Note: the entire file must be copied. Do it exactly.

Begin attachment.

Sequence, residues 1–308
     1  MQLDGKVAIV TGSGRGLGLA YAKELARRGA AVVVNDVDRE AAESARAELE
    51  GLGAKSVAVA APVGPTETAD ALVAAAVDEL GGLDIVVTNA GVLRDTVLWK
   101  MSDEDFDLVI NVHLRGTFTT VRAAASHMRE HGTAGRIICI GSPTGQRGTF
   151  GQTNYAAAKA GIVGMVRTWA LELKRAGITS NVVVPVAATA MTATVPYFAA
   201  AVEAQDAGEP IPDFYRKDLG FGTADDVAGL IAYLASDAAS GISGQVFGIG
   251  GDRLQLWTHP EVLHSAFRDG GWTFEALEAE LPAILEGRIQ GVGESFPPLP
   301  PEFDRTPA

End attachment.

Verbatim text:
Sequence, residues 1–308
     1  MQLDGKVAIV TGSGRGLGLA YAKELARRGA AVVVNDVDRE AAESARAELE
    51  GLGAKSVAVA APVGPTETAD ALVAAAVDEL GGLDIVVTNA GVLRDTVLWK
   101  MSDEDFDLVI NVHLRGTFTT VRAAASHMRE HGTAGRIICI GSPTGQRGTF
   151  GQTNYAAAKA GIVGMVRTWA LELKRAGITS NVVVPVAATA MTATVPYFAA
   201  AVEAQDAGEP IPDFYRKDLG FGTADDVAGL IAYLASDAAS GISGQVFGIG
   251  GDRLQLWTHP EVLHSAFRDG GWTFEALEAE LPAILEGRIQ GVGESFPPLP
   301  PEFDRTPA